Originally uploaded by Plinio M Pinto

I usually don't sketch much before painting. I usually work from reference pictures - not just one, but at least 3 different ones - and the sketch process takes place using Photoshop. After transfered to paper, usually cold press 140lb, streched on gatorboard, I start with thin washes, most of the time background first. I do it wet on wet in a way that I will lightly bleed it into the figure, to get some of the color scheme as reflected light/shadow. I try to use the first washes as my highlight hue on the figure as well.

Since I also don't usually use, or do a color study, I got to make sure I know exactly what my limited palette can produce - 10 to 13 colors palette divided in Basic transparents, Basic staining, 4 reds, 2 yellows 3 browns, 3 blues and Payne's Gray. Don't worry so much with correct pigment names or formula. Just make sure you always place it in the same position on the palette and learn what to get out of them.

When doing skin tones there is no formula (HATE when people say: Is just a little bit of red+yellow and some blue: thats why your painting sucks) Skin tone is hard and a lot of time goes into getting it right. Study Frank Frazetta's work.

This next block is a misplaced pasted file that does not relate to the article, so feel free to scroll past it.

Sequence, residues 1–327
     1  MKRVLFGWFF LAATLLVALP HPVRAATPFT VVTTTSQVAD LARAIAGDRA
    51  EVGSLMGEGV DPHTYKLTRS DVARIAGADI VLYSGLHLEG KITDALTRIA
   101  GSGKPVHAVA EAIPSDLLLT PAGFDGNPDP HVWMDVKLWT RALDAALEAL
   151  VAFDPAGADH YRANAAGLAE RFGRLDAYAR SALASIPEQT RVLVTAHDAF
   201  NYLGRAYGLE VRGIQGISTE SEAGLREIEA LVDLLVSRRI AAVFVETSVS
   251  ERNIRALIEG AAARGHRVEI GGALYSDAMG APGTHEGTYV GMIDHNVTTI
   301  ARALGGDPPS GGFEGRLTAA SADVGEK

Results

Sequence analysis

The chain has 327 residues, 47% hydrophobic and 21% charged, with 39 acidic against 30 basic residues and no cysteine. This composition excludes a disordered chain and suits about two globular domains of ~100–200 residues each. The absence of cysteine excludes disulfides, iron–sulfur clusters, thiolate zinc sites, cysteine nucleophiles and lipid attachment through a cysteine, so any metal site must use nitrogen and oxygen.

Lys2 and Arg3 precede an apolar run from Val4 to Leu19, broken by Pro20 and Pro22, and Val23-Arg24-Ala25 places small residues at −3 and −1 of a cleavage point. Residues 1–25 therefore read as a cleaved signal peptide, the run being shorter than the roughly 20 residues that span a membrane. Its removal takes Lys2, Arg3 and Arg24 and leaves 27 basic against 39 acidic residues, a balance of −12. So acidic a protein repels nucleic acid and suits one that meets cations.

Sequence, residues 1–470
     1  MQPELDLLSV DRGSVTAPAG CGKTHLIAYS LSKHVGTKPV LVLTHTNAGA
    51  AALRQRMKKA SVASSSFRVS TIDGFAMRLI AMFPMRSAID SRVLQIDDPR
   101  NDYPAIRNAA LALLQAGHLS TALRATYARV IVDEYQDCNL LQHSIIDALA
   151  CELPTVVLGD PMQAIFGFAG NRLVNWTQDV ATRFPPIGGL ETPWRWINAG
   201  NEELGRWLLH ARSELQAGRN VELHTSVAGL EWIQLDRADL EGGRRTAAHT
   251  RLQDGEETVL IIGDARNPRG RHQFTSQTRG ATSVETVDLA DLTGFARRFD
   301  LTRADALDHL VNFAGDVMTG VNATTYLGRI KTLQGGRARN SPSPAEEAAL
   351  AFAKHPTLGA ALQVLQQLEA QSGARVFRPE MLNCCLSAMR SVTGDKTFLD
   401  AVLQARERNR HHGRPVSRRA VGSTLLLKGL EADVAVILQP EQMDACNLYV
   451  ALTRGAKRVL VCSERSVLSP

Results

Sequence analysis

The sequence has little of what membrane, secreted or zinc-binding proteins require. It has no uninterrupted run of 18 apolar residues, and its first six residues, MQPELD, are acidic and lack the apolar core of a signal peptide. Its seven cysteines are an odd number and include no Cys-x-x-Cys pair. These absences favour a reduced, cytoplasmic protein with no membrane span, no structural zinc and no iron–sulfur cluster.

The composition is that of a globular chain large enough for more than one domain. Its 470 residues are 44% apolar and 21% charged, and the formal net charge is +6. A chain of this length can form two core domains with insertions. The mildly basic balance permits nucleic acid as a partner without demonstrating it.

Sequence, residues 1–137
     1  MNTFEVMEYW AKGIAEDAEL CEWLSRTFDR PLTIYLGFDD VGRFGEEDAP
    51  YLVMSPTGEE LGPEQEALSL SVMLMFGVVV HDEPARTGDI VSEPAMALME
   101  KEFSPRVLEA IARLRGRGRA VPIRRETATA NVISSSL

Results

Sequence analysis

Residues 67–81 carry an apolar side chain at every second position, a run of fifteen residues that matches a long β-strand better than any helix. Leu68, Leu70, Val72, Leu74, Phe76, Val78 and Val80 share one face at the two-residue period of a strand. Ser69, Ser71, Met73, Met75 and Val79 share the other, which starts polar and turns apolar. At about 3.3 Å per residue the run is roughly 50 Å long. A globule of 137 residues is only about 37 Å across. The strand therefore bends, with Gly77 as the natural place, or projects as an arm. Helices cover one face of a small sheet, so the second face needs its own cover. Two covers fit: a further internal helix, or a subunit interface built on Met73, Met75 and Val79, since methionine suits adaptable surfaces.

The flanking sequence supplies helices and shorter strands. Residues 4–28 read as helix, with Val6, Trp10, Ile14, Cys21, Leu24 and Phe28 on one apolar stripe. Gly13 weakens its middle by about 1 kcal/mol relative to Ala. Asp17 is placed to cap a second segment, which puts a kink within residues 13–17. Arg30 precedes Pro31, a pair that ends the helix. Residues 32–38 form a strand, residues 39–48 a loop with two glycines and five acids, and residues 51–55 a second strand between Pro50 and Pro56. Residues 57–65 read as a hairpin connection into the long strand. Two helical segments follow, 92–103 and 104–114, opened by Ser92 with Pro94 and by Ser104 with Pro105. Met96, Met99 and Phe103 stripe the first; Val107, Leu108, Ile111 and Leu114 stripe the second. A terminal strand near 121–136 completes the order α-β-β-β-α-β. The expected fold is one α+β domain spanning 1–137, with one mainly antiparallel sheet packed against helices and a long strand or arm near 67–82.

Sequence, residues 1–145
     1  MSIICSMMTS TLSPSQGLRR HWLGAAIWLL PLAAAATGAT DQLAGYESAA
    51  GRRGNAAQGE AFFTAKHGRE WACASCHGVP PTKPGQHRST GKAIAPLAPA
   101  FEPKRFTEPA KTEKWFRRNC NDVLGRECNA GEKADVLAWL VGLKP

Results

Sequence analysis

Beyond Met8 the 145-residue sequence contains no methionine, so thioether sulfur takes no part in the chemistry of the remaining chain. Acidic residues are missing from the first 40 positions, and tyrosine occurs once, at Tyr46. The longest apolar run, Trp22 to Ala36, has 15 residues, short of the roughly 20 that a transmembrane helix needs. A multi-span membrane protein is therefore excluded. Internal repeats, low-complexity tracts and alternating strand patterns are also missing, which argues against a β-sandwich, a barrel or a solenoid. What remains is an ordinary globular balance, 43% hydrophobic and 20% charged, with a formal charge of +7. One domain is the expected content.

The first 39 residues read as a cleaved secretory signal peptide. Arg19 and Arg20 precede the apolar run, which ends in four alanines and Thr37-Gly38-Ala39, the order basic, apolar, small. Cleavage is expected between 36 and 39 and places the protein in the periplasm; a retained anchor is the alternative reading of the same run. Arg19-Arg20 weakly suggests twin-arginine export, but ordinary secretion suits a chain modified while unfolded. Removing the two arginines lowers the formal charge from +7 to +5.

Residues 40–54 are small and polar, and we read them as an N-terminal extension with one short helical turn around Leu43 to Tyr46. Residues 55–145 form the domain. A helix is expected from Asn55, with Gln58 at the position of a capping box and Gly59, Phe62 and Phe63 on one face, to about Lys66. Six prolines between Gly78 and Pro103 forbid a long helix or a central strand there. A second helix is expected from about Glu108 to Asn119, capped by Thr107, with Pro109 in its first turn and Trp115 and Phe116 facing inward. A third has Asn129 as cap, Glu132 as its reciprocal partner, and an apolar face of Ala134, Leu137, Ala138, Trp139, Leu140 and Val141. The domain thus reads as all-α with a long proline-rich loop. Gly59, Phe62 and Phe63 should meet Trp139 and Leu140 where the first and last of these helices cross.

Once I get my background about mid tone, it is time to start on the foreground. When doing the figure it's important to add thin transparent layers and wait for it to try completely before adding the next. I work on getting the torso about mid tone first and worry about the head last. Since the head is the focus point, I want it to have the highest contrast - and that's why painting brunettes is way easier, folks!

Contrast is what makes or breaks a painting. Once you reach mid tone just about everywhere in the piece, it's time to rework the background with dark tones, detail the head making sure skin tones are matching throughout the painting and that the light source is even as well.

The final step is to add highlights. I dont like using masking too much so I use gouache or gesso (very little, please!). I also do a lot of lifting which gives a nice texture - and that is why is important to use good quality paper.

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